Inmate’s attorneys now using coronavirus as an excuse to halt execution of death sentences

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HUNTSVILLE, TX. – This one is a bit weird.

Law Enforcement Today has learned that a court in Texas has stopped an execution scheduled for this coming week due to…the coronavirus. This is the second execution the court has stopped, having halted an execution scheduled earlier this week for a second inmate scheduled to receive his death sentence.

The Texas Court of Criminal Appeals issued a stay for next Wednesday’s scheduled execution of Tracy Beatty, 59, who was convicted over 15 years ago of killing his mother. Earlier this week, the same court stopped the execution of John Hummel for the same reason.

“We have determined that the execution should be stayed at the present time in light of the current health crisis and the enormous resources needed to address that emergency,” the court said.

The stay is in effect for 60 days, at which time a new execution date can be set.  

Beatty’s attorney filed a motion shortly after Hummel’s stay of execution order was issued Monday, asking the court to halt his execution due to the “unprecedented proportions” of the pandemic.

The virus has killed thousands of people worldwide, including three in Texas. As of Wednesday, 95 people in Texas had tested positive for COVID-19.

Prosecutors objected to halting Beatty’s execution, as they had objected to the stay granted Hummel. Smith County District Attorney Jacob Putman disputed the notion that the coronavirus would negatively impact the state’s ability to carry out an execution.

“There has been no evidence that the ‘enormous resources needed to address that emergency’ will also include the handful of TDCJ [Texas Department of Criminal Justice] personnel who will carry out Beatty’s execution,” he wrote.

Currently there are seven other execution set for Texas through September, with two scheduled for April.

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Murdered officer's grave desecrated before headstone even placed

According to Hummel’s attorney Michael Mowla, he said that putting Hummel to death “may itself assist in spreading COVID-19.” Talk about a stretch!

Mowla bases that ridiculous assertion on the fact that people take part in or witness the execution in the death chamber, located at the state penitentiary in Huntsville. Those individuals may include correctional officers, attorneys, physicians and family members or friends of the inmate and of the victims.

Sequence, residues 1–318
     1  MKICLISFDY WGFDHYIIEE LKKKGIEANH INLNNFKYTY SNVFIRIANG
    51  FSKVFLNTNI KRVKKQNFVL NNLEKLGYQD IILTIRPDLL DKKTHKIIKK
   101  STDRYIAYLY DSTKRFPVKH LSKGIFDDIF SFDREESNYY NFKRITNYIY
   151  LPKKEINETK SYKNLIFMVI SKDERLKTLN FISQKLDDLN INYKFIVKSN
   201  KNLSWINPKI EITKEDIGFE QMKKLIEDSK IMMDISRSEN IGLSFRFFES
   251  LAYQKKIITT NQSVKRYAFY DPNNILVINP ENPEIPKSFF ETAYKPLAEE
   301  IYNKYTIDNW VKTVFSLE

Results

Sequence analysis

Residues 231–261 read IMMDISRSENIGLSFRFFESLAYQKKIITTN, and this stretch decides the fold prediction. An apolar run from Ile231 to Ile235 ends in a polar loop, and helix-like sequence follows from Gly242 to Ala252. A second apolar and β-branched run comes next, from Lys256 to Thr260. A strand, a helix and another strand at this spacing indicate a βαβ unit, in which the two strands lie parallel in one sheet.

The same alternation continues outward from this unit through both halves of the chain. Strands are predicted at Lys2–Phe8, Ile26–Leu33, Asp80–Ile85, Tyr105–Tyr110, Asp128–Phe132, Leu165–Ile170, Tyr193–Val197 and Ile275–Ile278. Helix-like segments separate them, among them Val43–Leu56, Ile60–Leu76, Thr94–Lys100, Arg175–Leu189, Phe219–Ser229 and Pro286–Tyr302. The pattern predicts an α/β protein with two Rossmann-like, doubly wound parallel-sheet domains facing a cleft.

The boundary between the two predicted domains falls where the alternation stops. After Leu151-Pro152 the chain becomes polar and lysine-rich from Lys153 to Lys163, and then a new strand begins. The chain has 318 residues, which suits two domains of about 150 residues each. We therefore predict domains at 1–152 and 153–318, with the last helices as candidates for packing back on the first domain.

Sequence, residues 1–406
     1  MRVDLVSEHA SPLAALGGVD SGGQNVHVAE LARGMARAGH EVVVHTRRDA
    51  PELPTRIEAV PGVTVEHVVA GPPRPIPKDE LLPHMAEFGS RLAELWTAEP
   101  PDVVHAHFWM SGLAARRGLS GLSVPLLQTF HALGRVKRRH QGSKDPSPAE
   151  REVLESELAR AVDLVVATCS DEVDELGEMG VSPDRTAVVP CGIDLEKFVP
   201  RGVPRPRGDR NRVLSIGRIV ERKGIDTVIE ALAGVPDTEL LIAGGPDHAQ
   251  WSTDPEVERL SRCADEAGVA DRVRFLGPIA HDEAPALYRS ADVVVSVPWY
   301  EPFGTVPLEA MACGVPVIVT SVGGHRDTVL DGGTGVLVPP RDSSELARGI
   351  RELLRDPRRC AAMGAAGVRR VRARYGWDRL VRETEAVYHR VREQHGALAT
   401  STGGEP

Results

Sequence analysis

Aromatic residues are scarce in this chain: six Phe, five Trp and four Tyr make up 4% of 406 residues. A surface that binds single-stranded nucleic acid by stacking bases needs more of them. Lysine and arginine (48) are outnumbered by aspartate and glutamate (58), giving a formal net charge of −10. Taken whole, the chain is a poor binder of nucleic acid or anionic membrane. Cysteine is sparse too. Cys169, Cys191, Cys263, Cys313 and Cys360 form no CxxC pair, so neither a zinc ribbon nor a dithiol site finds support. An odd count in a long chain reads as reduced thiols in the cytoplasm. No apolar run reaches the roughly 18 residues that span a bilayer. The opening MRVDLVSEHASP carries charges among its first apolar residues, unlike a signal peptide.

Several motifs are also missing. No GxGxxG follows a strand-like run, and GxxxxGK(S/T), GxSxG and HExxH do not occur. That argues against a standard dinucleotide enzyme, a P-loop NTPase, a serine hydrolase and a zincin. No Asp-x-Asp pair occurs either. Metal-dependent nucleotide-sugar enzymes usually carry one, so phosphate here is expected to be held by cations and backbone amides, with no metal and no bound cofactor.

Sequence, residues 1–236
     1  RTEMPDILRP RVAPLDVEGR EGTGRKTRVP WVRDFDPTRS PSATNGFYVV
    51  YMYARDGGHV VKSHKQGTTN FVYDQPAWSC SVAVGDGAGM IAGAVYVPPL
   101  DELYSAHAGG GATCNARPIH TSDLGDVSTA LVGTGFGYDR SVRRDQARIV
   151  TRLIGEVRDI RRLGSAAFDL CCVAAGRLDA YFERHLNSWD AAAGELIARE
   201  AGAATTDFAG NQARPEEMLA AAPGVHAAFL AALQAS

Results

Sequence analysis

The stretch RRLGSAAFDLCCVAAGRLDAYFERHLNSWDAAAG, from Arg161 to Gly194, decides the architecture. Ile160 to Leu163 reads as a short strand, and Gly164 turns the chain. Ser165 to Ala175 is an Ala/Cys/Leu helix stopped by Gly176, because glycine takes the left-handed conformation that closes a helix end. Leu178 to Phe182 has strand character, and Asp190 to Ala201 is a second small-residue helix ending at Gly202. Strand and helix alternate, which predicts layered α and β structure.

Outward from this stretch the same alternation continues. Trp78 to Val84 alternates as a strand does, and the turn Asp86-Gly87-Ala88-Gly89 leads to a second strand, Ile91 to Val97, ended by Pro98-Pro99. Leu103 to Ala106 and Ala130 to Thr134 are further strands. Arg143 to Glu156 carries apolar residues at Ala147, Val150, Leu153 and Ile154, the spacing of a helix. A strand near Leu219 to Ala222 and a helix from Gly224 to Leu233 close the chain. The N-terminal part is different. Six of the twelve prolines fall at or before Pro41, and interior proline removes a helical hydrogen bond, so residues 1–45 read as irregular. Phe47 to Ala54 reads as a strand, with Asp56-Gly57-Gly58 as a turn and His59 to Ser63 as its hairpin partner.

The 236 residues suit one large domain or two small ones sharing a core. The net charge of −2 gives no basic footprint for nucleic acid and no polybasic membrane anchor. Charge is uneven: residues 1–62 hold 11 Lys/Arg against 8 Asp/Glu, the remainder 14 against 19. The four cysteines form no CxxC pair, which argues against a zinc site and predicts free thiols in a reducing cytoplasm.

“Gathering all these people in one location presents a substantial risk of transmission of COVID-19/Coronavirus if anyone is infected,” Mowla wrote in a petition to the appeals court last week.

According to CBS News, Mowla declined to comment after the appeals court issued the stay on Monday.

Hummel, 44, was convicted in 2011 of capital murder for the fatal stabbing of his pregnant wife, Joy Hummel, 45 and fatal bludgeoning of his father-in-law, Clyde Bedford, 57, with a baseball bat in 2009.

Inmate's attorneys now using coronavirus as an excuse to halt execution of death sentences
John Hummel, Texas DCJ Photo

Evidence presented at trial showed Hummel also used the bat to beat Jodi Hummel, his 5-year-old daughter to death before he lit the home on fire in the Fort Worth suburb of Kennedale. For some unknown reason he was only convicted of capital murder in the deaths of his wife and father-in-law.

Prosecutors alleged that Hummel killed his family because he was trying to start a relationship with a woman he had met at a convenience store. Sounds like if anyone is deserving of being put to death it’s this dirtbag.

The department of criminal justice had been ready to carry out the execution as officials had put a screening process in place for people who would have witnessed it, according to agency spokesman Jeremy Desel.

Witnesses to the execution would have been subject to the same screening that department employees are required to go through before entering a prison unit. The screening involves questions based on travel, potential exposure to the coronavirus and health inquires, Desel said.

For a large majority of people, coronavirus causes only mild or moderate symptoms, including fever and cough. For older adults and people with existing health problems, it can cause more severe problems including pneumonia. The vast majority of people recover with in a couple of weeks. More severe cases can take three to six weeks to recover.

Desel noted that the death chamber is not a heavy traffic area and is completely isolated from all other parts of the prison in Huntsville, Desel said.

“But it is thoroughly cleaned, consistently and constantly. We are taking precautions throughout the prison system,” he said.


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